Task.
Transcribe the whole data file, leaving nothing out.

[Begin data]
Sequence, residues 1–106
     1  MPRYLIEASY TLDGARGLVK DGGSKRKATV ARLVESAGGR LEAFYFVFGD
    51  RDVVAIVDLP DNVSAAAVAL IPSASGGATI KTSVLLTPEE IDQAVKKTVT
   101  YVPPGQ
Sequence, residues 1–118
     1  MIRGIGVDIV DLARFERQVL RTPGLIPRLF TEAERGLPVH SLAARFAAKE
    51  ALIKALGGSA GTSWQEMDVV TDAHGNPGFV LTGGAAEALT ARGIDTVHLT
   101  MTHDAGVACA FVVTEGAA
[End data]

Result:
Sequence, residues 1–106
     1  MPRYLIEASY TLDGARGLVK DGGSKRKATV ARLVESAGGR LEAFYFVFGD
    51  RDVVAIVDLP DNVSAAAVAL IPSASGGATI KTSVLLTPEE IDQAVKKTVT
   101  YVPPGQ
Sequence, residues 1–118
     1  MIRGIGVDIV DLARFERQVL RTPGLIPRLF TEAERGLPVH SLAARFAAKE
    51  ALIKALGGSA GTSWQEMDVV TDAHGNPGFV LTGGAAEALT ARGIDTVHLT
   101  MTHDAGVACA FVVTEGAA